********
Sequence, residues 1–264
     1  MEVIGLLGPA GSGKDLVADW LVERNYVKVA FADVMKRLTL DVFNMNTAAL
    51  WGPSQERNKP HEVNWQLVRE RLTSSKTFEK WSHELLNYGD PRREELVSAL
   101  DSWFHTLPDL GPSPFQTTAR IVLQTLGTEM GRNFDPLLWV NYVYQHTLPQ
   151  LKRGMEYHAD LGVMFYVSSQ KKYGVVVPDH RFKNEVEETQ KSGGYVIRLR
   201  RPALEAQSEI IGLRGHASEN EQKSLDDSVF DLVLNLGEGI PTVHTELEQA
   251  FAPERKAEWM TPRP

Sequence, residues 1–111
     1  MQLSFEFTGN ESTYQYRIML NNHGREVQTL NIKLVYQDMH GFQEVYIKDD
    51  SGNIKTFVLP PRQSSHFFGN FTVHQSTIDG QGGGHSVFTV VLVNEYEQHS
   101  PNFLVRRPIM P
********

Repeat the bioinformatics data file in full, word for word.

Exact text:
Sequence, residues 1–264
     1  MEVIGLLGPA GSGKDLVADW LVERNYVKVA FADVMKRLTL DVFNMNTAAL
    51  WGPSQERNKP HEVNWQLVRE RLTSSKTFEK WSHELLNYGD PRREELVSAL
   101  DSWFHTLPDL GPSPFQTTAR IVLQTLGTEM GRNFDPLLWV NYVYQHTLPQ
   151  LKRGMEYHAD LGVMFYVSSQ KKYGVVVPDH RFKNEVEETQ KSGGYVIRLR
   201  RPALEAQSEI IGLRGHASEN EQKSLDDSVF DLVLNLGEGI PTVHTELEQA
   251  FAPERKAEWM TPRP

Sequence, residues 1–111
     1  MQLSFEFTGN ESTYQYRIML NNHGREVQTL NIKLVYQDMH GFQEVYIKDD
    51  SGNIKTFVLP PRQSSHFFGN FTVHQSTIDG QGGGHSVFTV VLVNEYEQHS
   101  PNFLVRRPIM P